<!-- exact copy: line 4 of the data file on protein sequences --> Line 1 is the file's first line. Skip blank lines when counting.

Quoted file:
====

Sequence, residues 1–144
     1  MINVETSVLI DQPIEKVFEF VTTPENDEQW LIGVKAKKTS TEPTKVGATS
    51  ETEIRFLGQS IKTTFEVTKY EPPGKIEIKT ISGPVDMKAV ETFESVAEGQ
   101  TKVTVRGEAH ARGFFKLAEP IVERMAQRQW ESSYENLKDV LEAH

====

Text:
   101  TKVTVRGEAH ARGFFKLAEP IVERMAQRQW ESSYENLKDV LEAH